Chemoreception is the biological recognition of chemical stimuli, by which living organisms collect information about the chemistry of their internal and external environments. Chemoreception has three sequential stages: detection, amplification, and signaling.
A chemosensor, also known as chemoreceptor, is a sensory receptor that transduces a chemical signal into an action potential. Or, more generally, a chemosensor detects certain chemical stimuli in the environment.
In detection, a molecule typically binds to a chemoreceptor protein on the surface of a cell, changing the shape of the chemoreceptor. All chemoreceptors therefore have some degree of specificity, in that they only bind to specific molecules or specific classes of molecules.
In amplification, the cell uses energy to transform the shape change of the chemoreceptor into biochemical or electrical signals within the cell. In many cases, amplification is mediated by formation of cAMP (cyclic adenosine monophosphate), which increases the cell's permeability to sodium ions and alters the electrical potential of the cell membrane.
In signaling, the amplified signal is transformed into a physiological or behavioral response. In higher animals the nervous system does the signaling, while in single-celled organisms signaling is intracellular, which may be manifested as chemotaxis, a directional movement in response to a chemical stimulus.
Detection, amplification, and signaling are often connected by feedback pathways. Feedback pathways allow adjustment of the sensitivity of the chemoreceptive system to different concentration ranges of the elicitor molecule. Thus, the sensitivity decreases as the background concentration of the molecule increases; the sensitivity increases as the background concentration of the molecule decreases.
Chemoreceptive systems detect chemical changes within an organism (interoreception) or outside an organism (exteroreception). The most familiar examples of exteroreception in humans are the senses of taste and smell.
Humans have chemoreceptor cells for taste in taste buds, most of which are on the upper surfaces of the tongue. Each human has about 10,000 taste buds and each taste bud consists of about 50 cells. An individual taste bud is specialized for detection of a sweet, sour, salty, or bitter taste. The sense of smell is important in discriminating among more subtle differences in taste.
Many chemoreception systems also collect information about the internal environment of multicellular organisms. For example, the carotid body in the carotid artery of humans has chemoreceptive cells which respond to changes in the pH and oxygen levels in the blood. As the amount of dissolved oxygen in the blood decreases.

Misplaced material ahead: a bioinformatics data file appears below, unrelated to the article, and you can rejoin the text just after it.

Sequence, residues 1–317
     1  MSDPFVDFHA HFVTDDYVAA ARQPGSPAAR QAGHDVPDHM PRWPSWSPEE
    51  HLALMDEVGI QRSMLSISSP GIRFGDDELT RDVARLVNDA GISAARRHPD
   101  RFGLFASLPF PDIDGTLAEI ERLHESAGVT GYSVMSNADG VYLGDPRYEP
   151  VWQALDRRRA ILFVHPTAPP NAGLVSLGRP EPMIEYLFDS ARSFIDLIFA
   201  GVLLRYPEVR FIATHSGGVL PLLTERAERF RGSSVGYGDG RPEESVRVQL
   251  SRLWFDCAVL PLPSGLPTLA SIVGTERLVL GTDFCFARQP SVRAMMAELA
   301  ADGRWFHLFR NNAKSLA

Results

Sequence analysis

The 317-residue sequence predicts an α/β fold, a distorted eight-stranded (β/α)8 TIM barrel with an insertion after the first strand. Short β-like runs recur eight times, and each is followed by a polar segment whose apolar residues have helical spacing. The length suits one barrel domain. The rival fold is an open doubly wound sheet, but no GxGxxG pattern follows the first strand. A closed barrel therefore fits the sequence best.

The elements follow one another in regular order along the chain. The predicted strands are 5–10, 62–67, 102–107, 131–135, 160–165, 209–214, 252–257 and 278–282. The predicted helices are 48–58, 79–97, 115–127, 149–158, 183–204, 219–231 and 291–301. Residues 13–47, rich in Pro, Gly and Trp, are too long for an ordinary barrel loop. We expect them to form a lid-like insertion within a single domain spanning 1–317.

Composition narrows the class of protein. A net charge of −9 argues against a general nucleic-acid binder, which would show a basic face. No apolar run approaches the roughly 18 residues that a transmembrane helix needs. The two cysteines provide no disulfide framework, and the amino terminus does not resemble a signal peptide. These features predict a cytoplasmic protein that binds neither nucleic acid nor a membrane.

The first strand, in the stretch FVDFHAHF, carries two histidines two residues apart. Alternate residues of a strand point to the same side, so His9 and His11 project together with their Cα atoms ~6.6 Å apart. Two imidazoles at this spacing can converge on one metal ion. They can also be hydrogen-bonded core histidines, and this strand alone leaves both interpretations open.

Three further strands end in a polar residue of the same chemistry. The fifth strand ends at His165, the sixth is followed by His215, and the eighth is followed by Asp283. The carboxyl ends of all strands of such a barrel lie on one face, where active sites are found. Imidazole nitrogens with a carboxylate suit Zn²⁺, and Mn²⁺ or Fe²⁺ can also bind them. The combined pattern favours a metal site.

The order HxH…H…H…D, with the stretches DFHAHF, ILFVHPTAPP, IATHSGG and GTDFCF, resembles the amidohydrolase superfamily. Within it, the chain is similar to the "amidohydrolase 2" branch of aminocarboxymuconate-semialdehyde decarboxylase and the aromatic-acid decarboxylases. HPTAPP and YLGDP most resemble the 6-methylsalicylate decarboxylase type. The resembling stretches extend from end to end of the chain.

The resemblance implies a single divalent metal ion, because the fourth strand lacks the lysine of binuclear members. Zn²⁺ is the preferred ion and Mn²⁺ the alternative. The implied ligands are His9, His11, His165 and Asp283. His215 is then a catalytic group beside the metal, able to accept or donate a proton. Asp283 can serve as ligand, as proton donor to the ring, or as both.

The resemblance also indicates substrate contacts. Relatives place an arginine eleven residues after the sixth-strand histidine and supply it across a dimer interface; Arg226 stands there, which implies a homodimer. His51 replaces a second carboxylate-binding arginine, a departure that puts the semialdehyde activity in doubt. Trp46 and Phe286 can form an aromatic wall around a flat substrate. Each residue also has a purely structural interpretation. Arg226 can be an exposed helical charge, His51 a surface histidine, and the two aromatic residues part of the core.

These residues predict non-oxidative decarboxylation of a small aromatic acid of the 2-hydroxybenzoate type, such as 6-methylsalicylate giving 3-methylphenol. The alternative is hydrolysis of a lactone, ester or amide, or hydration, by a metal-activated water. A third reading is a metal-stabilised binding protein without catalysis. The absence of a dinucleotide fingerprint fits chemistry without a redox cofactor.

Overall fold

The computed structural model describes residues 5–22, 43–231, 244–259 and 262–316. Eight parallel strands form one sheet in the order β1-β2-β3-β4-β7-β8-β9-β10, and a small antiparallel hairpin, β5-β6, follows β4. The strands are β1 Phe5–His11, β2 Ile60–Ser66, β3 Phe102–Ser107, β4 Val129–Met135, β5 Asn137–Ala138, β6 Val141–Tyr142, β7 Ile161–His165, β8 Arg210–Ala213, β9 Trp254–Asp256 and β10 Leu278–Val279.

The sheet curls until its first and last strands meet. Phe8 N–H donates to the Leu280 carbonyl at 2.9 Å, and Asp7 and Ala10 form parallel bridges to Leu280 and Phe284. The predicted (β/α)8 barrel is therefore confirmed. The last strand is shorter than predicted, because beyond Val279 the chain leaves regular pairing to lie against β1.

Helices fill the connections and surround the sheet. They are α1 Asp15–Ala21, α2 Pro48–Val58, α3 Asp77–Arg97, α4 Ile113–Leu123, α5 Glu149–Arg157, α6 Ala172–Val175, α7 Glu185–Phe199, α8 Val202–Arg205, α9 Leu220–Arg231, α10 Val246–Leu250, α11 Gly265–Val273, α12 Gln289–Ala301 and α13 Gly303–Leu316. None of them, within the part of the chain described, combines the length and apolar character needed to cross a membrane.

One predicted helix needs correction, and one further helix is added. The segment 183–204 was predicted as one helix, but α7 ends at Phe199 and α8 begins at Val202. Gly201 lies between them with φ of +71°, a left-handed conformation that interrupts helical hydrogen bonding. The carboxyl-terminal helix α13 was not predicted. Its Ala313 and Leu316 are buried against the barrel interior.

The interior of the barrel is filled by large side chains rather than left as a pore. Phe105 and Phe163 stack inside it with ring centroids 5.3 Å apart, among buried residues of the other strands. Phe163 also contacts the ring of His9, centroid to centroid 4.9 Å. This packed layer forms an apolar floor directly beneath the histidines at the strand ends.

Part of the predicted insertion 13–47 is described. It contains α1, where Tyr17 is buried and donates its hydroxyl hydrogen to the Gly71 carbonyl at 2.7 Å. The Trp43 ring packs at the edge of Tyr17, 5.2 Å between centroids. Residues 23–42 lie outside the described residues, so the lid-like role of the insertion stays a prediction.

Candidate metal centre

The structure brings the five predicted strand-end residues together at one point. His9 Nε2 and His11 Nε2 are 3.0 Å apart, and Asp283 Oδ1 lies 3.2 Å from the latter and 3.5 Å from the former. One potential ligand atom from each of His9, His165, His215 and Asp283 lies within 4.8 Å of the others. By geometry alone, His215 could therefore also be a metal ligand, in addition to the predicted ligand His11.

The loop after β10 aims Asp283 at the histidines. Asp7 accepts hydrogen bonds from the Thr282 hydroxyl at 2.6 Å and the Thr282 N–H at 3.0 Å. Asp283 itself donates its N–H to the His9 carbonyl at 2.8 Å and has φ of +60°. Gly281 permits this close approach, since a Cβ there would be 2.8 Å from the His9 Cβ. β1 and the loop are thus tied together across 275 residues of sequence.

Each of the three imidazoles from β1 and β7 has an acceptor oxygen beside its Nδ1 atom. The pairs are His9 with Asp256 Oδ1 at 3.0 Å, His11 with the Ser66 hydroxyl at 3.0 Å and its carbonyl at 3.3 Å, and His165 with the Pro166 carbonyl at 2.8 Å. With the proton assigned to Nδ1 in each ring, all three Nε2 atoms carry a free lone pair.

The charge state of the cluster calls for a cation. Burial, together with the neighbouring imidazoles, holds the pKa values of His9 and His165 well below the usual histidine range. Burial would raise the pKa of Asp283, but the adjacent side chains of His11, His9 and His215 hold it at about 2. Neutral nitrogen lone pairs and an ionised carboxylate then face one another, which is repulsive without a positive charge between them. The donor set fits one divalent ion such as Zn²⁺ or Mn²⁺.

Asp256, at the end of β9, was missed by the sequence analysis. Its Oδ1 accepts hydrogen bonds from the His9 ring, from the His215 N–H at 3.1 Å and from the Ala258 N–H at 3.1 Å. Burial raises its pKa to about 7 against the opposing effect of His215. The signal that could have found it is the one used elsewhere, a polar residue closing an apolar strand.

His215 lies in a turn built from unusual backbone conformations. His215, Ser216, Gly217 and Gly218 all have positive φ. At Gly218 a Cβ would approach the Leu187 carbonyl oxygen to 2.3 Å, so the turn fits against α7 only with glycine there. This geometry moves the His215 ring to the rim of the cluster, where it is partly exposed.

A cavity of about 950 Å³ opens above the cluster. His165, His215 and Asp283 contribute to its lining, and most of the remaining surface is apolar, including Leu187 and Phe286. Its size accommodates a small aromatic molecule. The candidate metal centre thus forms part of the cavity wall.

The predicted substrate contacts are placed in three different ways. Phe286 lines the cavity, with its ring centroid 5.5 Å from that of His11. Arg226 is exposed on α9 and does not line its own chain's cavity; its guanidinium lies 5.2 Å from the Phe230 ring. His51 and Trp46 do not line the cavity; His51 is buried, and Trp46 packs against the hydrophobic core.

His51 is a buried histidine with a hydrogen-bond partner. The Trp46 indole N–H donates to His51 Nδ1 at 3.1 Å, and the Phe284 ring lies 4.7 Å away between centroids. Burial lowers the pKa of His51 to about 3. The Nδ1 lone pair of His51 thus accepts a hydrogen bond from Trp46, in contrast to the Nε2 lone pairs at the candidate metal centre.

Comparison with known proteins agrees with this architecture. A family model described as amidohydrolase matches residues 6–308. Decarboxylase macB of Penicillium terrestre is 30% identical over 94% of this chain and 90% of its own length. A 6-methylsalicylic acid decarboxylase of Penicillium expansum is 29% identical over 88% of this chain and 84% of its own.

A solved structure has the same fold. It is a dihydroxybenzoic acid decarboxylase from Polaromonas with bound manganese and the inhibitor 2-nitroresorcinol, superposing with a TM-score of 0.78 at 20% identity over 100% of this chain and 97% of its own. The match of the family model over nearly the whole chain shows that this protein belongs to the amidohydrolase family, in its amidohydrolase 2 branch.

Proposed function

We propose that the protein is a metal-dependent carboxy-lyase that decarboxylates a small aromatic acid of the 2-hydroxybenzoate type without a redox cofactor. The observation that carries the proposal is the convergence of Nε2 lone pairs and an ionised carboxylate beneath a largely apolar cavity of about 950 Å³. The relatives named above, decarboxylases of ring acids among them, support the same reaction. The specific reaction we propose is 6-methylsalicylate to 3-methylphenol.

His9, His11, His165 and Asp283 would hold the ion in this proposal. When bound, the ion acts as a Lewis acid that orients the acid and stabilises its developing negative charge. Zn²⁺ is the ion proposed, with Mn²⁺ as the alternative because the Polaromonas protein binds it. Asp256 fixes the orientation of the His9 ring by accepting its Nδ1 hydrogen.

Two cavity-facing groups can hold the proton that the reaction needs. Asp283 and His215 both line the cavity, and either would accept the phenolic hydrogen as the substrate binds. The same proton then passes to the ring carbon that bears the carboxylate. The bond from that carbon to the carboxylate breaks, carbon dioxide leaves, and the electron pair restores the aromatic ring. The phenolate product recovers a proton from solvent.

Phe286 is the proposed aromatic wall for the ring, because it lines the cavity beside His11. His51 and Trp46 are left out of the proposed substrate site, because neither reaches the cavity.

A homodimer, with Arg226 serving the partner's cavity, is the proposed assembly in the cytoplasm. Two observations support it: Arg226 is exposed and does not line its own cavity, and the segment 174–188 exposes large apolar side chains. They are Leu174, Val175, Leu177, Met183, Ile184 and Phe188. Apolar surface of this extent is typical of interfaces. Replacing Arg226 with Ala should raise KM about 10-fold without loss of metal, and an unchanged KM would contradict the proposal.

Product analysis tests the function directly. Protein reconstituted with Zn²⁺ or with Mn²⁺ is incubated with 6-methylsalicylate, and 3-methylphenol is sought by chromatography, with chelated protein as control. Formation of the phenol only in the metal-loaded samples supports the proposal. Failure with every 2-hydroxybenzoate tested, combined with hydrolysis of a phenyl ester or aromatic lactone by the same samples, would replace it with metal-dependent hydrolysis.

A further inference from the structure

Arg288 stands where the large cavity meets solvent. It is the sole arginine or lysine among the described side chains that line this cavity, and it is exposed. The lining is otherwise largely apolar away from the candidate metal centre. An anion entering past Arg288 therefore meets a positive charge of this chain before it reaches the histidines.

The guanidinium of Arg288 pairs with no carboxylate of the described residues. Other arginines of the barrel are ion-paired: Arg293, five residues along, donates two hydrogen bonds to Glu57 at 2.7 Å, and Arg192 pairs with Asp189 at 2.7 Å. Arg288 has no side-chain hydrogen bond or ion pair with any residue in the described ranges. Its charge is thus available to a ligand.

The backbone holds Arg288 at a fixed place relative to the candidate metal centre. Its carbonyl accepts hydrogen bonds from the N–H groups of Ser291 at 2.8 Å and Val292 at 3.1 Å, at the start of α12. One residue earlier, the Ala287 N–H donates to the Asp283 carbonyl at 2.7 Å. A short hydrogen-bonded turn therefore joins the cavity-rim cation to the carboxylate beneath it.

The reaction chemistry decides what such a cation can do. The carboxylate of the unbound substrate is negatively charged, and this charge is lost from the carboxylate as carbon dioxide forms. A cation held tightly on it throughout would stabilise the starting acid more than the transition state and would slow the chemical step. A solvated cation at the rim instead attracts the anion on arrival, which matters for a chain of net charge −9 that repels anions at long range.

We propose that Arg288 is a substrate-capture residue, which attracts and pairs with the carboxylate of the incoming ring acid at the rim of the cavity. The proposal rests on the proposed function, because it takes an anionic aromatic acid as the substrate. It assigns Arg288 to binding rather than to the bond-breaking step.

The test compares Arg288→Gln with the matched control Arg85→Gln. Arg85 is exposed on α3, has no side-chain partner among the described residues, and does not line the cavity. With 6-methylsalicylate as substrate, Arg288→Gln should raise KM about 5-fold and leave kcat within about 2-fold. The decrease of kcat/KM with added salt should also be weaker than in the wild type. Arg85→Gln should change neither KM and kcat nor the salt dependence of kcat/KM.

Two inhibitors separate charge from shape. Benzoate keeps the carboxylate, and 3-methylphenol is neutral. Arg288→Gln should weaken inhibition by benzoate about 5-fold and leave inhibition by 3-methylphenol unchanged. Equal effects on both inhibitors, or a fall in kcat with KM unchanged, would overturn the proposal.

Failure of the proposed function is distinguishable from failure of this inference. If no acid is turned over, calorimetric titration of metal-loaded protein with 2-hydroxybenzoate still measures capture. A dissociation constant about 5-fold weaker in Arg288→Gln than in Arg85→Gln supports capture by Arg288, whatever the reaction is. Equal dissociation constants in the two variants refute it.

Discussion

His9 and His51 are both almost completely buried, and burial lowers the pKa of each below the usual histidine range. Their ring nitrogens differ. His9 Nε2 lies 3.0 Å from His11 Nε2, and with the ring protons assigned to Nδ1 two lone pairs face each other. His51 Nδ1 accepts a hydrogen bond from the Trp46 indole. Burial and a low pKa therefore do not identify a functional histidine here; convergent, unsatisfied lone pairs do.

Chemical gradients are sensed through multiple transmembrane receptors, called methyl accepting chemotaxis proteins (MCPs), which vary in the molecules that they detect. These receptors may bind attractants or repellents directly or indirectly through interaction with proteins of periplasmatic space. The signals from these receptors are transmitted across the plasma membrane into the cytosol, where Che proteins are activated. The Che proteins alter the tumbling frequency, and alter the receptors.
The proteins CheW and CheA bind to the receptor. The activation of the receptor by an external stimulus causes autophosphorylation in the histidine kinase, CheA, at a single highly conserved histidine residue. CheA in turn transfers phosphoryl groups to conserved aspartate residues in the response regulators CheB and CheY [ note: CheA is a histidine kinase and it does not actively transfer the phosphoryl group. The response regulator CheB takes the phosphoryl group from CheA]. This mechanism of signal transduction is called a two-component system and is a common form of signal transduction in bacteria. CheY induces tumbling by interacting with the flagellar switch protein FliM, inducing a change from counter-clockwise to clockwise rotation of the flagellum. Change in the rotation state of a single flagellum can disrupt the entire flagella bundle and cause a tumble.
 Receptor regulation
CheB, when activated by CheA, acts as a methylesterase, removing methyl groups from glutamate residues on the cytosolic side of the receptor. It works antagonistically with CheR, a methyltransferase, which adds methyl residues to the same glutamate residues. The more methyl residues are attached to the receptor, the more sensitive the receptor. As the signal from the receptor induces demethylation of the receptor in a feedback loop, the system is continuously adjusted to environmental chemical levels, remaining sensitive for small changes even under extreme chemical concentrations. This regulation allows the bacterium to 'remember' chemical concentrations from the recent past, a few seconds, and compare them to those it is currently experiencing, thus 'know' whether it is traveling up or down a gradient. However, the methylation system alone cannot account for the wide range of sensitivity that bacteria have to chemical gradients. Additional regulatory mechanisms such as receptor clustering and receptor-receptor interactions also modulate the signalling pathway.